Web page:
CricViz have teamed up with Sage to provide some tips and tricks into how to nail your team selection.
The cleverest fantasy players know that the key to success is not to focus on picking the ‘best’ players, but on finding those who will score you points – and for the cheapest price. The Hundred Fantasy Game rewards exactly that sort of analytical thinking, and in trying to dissect the points scoring, the best picks come to the fore.
Sometimes though, the obvious signings are the best. Birmingham Phoenix star Liam Livingstone ended the inaugural season of the men’s Hundred as the leading run scorer, and comfortably the leading six-hitter. The Lancastrian will be among the most selected players on show in the tournament, but you can’t afford to leave him out. Runs, sixes, and wickets – even at top dollar, Livingstone is the MVP.
Faf du Plessis is a great option as a guy who churns out consistent runs, having dominated the last two seasons of the Indian Premier League in this regard. At the top of the order, he’ll have plenty of chances to get stuck in, and with half of his matches at the high scoring Headingley ground, he’s well placed to make big runs. Faf will also captain the Northern Superchargers, giving you that valuable captaincy bonus to take his value from good, to great. For those looking for cheaper options, fellow South African Rilee Rossouw has been tearing it up in the Blast, with the best season ever in the competition according to CricViz metrics.
Another highly valuable player at the top of the order is Trent Rockets’ Alex Hales. Much like du Plessis, the Englishman is playing on a high-scoring venue and will open the batting, but he also offers one very specific skill – he gets to 30 a lot. In the last three years, Hales scores 30+ in just under half of his innings, and with the 5 point bonus awarded for reaching this landmark, Hales’ reliability in this area is a huge advantage. Expect plenty to get him in their team, but for good reason.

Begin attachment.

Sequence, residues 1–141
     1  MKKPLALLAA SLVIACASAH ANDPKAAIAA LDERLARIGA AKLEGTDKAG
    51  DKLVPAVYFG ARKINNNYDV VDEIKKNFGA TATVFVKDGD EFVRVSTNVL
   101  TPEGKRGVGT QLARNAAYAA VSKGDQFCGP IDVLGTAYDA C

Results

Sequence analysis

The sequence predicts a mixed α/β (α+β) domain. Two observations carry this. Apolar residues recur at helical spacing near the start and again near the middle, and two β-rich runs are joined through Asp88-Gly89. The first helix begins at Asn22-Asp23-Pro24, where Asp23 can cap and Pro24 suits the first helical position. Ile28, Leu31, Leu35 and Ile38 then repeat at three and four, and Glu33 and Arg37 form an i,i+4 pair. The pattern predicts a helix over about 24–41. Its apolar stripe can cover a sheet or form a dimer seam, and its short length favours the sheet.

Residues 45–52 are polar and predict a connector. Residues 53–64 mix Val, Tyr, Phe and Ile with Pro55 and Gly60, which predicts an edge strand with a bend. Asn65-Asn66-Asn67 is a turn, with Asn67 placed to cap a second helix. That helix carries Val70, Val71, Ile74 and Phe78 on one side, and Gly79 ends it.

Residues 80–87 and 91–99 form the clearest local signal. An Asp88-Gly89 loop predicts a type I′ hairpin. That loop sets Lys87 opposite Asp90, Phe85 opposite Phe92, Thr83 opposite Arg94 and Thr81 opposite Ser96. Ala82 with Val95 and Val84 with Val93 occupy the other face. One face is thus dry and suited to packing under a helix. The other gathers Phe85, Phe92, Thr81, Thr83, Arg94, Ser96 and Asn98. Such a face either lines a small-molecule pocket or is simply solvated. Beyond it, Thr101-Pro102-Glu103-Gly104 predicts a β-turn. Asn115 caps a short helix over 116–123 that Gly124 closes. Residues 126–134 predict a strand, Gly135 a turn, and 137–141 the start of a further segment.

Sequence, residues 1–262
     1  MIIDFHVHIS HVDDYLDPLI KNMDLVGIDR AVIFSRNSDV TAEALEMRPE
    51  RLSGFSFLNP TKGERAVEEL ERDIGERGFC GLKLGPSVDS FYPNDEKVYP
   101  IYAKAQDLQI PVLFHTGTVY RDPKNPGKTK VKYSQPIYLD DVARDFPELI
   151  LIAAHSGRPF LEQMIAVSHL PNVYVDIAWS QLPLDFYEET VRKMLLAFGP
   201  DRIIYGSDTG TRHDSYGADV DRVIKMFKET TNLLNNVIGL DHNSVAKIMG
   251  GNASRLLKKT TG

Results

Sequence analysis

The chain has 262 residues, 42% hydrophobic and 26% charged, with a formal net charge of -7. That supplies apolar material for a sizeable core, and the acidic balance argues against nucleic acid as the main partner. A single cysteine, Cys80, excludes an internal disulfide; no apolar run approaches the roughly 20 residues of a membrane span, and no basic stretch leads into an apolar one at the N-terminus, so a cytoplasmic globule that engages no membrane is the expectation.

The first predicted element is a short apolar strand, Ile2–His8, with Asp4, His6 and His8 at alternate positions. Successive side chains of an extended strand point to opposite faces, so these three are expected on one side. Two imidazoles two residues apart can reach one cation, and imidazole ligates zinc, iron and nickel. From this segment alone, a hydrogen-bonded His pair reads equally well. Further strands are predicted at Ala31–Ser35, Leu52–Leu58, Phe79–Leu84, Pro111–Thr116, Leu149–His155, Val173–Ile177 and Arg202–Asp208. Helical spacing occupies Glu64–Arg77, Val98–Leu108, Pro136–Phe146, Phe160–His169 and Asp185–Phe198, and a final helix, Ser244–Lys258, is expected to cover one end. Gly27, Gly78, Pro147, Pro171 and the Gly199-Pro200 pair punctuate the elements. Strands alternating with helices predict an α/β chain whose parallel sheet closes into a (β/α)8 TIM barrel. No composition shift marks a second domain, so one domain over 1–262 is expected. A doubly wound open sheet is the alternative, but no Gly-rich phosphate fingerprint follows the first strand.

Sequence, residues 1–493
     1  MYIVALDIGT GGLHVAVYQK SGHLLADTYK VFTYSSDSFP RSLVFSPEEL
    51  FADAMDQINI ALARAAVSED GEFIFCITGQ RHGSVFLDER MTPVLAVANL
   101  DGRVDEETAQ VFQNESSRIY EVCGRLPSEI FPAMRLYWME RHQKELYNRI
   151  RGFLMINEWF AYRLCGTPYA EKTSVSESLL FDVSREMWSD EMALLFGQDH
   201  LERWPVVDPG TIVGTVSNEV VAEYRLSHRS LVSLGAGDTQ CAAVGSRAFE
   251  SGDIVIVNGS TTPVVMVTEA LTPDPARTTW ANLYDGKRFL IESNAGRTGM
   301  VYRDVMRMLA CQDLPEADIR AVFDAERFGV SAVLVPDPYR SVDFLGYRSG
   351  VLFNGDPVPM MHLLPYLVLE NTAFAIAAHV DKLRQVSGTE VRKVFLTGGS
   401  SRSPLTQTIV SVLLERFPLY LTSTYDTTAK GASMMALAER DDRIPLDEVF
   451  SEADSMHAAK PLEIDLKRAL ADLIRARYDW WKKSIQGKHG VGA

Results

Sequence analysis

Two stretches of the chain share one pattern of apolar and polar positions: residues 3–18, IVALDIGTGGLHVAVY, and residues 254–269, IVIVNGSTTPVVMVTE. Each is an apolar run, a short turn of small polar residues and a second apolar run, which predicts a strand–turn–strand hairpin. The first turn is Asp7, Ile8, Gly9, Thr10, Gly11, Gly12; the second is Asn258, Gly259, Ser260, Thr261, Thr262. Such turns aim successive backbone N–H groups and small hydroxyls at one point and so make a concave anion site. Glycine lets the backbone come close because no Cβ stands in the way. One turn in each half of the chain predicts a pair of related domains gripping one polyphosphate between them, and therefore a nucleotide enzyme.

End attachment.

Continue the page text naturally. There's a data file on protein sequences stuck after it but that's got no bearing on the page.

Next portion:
When it comes to the bowling, the big guns are still your main names. Beyond the wicket-taking charts, canny fantasy players will be eyeing up the Bowled/LBW bonus, and for that you can look no further than Manchester Originals Wanindu Hasaranga. The Sri Lankan leg spinner bowls with a low arm, targets the stumps and looks to trap batters on the crease. In the last three years, Hasaranga has taken 50 wickets either LBW or bowled – only two men in the world (Rashid Khan and Shaheen Shah Afridi) have taken more. There’s a chance that his availability may tail off with involvement in the Asia Cup, but regardless, the wristy is a lovely option.
Bowling a maiden is a big deal in The Hundred Fantasy game, with a 12 point bonus. Last season, there were only 14 maidens across the entire competition, and only one man – George Garton – managed to deliver two maidens. The Southern Brave all-rounder has been struggling with Long Covid in other domestic cricket in England, but claims that he has recovered – his excellent record may tempt the more aggressive fantasy players to take a punt.
Catches might not be the sexiest part of the game, but they’re a key way of scoring points in The Hundred Fantasy Game. Unsurprisingly, wicket keepers are the way to go with this, given the increased opportunities they have to take catches. Quinton de Kock took 11 catches last season, comfortably the most of any player in the men’s tournament, and barring a missed opening game, he’ll be present for the whole competition. Add that to his run tally, and the South African is a great buy.